Anaheim Complies With New Ticket Reporting Regs, Sort Of

New regulations adopted this month by the state’s Fair Political Practices Commission require city officials who get free tickets to concerts, ballgames or other entertainment as part of their ceremonial duties to publicly report them in a “prominent fashion on the agency’s website.”

It seems, however, that to the city of Anaheim the word “prominent” means somewhere deep inside its website.

We’ll save you the trouble of searching — here is the page.

We checked the July 13 baseball All-Star Game, which was played in Anaheim’s Angel Stadium. As is the case with any event at a city-owned facility, officials who took the All-Star tickets could have paid their face value, listed them as personal income or donated them to charity.

Anaheim Mayor Curt Pringle said he was getting four free tickets from the city but would pay taxes on their value. He wouldn’t say who he was taking, but in the end, according to the city’s report, he accepted only two box seats valued at $350 each.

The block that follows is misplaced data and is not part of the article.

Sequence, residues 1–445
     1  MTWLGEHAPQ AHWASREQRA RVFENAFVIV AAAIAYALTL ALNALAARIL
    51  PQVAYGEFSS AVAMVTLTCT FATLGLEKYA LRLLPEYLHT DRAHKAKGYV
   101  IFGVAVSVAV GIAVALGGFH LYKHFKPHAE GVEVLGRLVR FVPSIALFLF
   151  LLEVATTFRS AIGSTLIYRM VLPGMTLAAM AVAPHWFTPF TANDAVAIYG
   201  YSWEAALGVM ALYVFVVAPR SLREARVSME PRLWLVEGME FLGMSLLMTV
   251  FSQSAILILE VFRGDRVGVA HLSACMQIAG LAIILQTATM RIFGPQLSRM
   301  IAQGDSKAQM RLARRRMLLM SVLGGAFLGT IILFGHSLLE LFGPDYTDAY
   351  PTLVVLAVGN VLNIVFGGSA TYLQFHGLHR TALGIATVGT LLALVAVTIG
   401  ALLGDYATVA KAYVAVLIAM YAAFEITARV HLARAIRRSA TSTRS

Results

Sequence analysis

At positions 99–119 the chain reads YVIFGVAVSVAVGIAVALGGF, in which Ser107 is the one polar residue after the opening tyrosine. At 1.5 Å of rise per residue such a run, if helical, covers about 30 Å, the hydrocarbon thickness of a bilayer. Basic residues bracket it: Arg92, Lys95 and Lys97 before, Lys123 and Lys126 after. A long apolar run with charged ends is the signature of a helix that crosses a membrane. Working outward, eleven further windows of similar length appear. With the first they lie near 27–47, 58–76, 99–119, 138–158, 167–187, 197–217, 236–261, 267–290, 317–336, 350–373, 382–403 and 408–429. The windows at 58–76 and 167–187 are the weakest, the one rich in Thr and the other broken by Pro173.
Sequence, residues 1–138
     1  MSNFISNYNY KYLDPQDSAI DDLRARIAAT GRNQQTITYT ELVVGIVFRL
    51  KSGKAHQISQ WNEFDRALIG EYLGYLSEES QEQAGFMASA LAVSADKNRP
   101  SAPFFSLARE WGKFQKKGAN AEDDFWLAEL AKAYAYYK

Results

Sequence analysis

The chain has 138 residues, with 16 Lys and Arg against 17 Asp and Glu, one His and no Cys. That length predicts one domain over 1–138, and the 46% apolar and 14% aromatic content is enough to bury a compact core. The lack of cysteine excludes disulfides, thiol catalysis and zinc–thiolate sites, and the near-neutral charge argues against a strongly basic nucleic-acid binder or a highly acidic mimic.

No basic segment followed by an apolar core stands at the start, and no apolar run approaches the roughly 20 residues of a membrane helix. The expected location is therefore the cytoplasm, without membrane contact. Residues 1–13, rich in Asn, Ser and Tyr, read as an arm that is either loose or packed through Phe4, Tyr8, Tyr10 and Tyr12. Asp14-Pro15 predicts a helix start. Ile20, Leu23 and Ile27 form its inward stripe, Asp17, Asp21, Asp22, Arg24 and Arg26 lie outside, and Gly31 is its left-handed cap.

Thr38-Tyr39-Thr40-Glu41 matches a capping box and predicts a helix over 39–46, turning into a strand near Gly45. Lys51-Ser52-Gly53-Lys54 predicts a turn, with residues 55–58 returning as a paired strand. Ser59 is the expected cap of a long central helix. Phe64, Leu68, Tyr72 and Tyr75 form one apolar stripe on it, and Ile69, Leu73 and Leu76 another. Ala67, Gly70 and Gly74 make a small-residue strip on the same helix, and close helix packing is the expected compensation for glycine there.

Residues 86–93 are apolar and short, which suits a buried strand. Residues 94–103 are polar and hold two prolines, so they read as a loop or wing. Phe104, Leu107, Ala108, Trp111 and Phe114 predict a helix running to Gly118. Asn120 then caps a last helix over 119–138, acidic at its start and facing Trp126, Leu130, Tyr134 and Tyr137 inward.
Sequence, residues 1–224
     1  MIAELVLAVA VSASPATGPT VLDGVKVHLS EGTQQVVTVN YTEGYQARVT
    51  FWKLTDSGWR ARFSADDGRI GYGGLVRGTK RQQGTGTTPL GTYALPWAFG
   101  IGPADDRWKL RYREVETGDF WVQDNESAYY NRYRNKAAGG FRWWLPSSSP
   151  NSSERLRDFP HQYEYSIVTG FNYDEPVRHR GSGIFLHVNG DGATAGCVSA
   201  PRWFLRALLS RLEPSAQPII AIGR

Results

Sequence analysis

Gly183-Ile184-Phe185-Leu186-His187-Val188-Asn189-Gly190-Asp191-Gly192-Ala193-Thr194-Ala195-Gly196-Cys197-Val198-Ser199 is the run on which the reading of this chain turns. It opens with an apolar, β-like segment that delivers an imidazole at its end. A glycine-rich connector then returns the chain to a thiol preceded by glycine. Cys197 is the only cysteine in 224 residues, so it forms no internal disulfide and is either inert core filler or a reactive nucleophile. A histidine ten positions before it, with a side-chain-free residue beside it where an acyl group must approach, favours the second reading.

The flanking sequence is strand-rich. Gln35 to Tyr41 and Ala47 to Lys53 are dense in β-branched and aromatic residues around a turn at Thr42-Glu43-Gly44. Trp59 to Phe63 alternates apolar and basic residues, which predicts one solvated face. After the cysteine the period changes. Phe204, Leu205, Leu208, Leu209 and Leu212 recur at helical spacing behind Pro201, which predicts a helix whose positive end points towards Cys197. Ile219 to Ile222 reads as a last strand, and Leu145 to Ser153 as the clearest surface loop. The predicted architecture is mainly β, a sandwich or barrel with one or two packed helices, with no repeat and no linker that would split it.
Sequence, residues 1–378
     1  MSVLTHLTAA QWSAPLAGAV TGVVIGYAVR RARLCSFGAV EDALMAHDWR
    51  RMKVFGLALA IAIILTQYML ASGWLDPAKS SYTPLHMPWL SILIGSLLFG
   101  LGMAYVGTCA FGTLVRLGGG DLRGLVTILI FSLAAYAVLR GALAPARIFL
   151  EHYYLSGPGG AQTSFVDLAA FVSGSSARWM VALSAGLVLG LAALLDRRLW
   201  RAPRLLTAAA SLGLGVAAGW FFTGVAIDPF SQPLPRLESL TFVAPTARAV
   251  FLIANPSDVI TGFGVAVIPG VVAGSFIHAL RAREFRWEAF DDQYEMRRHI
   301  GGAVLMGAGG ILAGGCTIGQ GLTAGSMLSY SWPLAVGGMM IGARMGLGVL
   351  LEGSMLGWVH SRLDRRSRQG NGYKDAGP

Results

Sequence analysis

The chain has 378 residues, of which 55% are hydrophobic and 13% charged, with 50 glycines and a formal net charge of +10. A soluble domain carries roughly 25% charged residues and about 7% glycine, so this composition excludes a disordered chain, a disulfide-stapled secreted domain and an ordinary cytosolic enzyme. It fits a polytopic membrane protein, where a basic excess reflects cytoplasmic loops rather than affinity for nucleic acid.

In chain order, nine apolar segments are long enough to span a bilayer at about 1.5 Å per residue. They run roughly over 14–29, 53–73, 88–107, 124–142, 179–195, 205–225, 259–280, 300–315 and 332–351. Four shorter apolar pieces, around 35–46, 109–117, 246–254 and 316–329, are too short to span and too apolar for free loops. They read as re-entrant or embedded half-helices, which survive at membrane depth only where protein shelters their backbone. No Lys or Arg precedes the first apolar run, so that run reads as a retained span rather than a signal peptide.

Council member Lucille Kring accepted four of the $350 tickets with the explanation “the job duties of the City Official requires his or her attendance at the event.”

Four tickets valued at $200 each went to Councilwoman Lorri Galloway for her “performance of a ceremonial role or function representing the City at the event.”

Four more of those $200 seats were given to Marines from Camp Pendleton by Councilman Harry Sidhu.

And 12 tickets worth $65 each were allocated to the city’s Visitor and Convention Bureau.